I have been blessed to be a mother to wonderful, energetic, adorable, impossible, lovable and confusing children for a number of years now. And in that time I’ve learned a lot of lessons. I’ve learned the importance of bedtimes and of breaking bedtimes, of proper nutrition and of good sticky nosh. Of bedtime stories and stuffed animals, patience and imagination and love. But maybe the most important lesson I’ve learned is that unlike what Hallmark might like us to think, motherhood does not immediately raise you to the level of sainthood. When you reach out your hands to take that freshly wrapped bundle of joy you do not find all your vices vanished. You don’t wake up the next day free of anger, impatience and selfishness beaming a beatific smile, as you gaze down at your baby. In fact, you’re likely to wake up groggy, cranky and more than a little frightened. You’ve put on the mantle of motherhood, that most exalted of all positions, but underneath you’re still you, full of bad habits and freckles, insecurities and split ends.
“I cannot protect my children from all the injustices in the world,” reads a quote I clipped once from a magazine, “But I can protect them from my own.” Sometimes, I’m not even sure I can do that.
There are days in a mother’s life that seem to take an eternity. The hours between 5:00 p.m. and 7:00 p.m. can often last at least a week. There are nights when bath time takes forever and bedtime takes even longer. When supper is leftovers no one wants and all the clean uniform skirts are in the laundry and no one’s homework gets done. There are days when we snap at our children, reprimand them unjustly, forget to hang up their pictures, trivialize their boo-boos.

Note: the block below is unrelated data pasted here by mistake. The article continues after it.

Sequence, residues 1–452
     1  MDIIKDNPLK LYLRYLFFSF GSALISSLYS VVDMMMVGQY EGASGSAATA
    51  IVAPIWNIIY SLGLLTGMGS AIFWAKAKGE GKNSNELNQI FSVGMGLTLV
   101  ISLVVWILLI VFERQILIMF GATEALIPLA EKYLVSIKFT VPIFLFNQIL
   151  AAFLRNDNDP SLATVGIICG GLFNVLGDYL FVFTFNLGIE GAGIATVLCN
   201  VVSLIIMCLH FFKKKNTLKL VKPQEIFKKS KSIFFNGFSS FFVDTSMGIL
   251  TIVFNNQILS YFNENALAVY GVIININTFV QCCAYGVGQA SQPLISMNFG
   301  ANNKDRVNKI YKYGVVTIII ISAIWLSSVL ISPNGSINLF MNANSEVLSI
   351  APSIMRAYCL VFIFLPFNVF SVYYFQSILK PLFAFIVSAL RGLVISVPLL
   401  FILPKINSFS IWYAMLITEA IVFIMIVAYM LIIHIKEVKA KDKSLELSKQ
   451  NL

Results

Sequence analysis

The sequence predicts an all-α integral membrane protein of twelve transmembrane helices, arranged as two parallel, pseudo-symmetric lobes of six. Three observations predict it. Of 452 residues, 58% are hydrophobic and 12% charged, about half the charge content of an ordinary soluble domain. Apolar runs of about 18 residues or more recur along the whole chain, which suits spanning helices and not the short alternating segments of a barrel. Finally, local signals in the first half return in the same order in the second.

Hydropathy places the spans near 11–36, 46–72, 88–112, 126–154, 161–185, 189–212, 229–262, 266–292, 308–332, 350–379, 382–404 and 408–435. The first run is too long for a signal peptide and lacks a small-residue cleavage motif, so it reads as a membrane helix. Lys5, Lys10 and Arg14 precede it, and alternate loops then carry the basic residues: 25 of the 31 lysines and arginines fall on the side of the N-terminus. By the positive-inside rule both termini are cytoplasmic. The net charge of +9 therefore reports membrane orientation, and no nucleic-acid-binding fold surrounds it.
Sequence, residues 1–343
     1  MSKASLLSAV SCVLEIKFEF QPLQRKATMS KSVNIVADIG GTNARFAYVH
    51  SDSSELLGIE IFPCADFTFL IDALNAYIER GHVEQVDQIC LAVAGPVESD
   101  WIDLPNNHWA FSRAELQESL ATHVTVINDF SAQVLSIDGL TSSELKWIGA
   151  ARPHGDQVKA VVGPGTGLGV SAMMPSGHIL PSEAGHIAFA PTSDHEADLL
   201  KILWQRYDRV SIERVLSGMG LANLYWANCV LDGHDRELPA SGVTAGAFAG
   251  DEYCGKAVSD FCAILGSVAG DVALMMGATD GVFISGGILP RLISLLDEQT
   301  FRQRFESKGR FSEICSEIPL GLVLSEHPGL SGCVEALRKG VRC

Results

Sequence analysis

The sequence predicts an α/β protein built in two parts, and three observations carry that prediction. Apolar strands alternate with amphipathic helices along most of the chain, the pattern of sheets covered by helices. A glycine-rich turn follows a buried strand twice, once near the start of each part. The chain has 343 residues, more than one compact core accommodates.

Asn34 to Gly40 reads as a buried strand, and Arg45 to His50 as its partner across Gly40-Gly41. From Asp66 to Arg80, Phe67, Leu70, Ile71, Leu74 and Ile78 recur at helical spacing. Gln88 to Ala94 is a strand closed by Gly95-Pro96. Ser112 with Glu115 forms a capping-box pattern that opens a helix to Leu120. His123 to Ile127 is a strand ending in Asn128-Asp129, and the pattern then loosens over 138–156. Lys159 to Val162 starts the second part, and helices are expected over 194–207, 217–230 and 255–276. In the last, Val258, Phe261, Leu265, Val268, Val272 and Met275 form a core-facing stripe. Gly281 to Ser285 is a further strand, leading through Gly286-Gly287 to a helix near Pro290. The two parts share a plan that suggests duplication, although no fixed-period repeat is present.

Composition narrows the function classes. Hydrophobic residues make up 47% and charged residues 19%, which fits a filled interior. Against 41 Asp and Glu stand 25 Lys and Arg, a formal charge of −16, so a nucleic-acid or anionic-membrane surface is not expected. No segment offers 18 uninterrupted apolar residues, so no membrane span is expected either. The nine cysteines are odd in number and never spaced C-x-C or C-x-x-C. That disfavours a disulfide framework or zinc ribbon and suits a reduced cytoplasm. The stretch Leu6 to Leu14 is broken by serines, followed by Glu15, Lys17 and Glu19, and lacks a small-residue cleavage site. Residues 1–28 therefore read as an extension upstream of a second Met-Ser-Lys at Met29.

There are days when it seems we are not worthy of the status of motherhood, we are not righteous enough, smart enough, patient enough, good enough to be charged with the care and upbringing of children.
But every night at the end of those days brings a chance at redemption. A chance to re-think, to review our actions, revise our positions and resolve ourselves once again to be the best parents we can be.
There are days when we feel like failures, inadequate, impure. And then there is the next day.
Looking at the calendar (from my children’s school) tacked to the wall, I see that tomorrow, Friday May 8, is the 14 day of Iyar, Pesach Sheni, the holiday of second chances*. And the next day marked off is Mother’s Day.
Mothering and forgiveness, parenthood and redemption. I’ll grab onto the gift of Pesach Sheini, and take my second chances (and third and fourth…).
*Pesach Sheni, “the second Passover” originated one year after the redemption from Egypt, by a group of Jews who had been tamei (impure) at the time we left Egypt. Because of their status of impurity they had been unable to partake in the mitzvah of Korban Pesach. A year later, they were once again purified and they approached Moshe to ask him if they could do the mitzvah of Korban Pesach now. Moshe conveyed their request to Hashem and a new mitzvah was originated. From then on, anyone who had been unable to do the Korban Pesach in its proper time could bring it one month later, on the fourteenth of Iyar. As a result of its origin, Pesach Sheini has come to be known as the holiday of “second chances”.
Yael Zoldan is a Brooklyn girl, who lives in Passaic, New Jersey, with her husband and children. Somewhere between carpool and laundry she finds the time to write.
The words of this author reflect his/her own opinions and do not necessarily represent the official position of the Orthodox Union.
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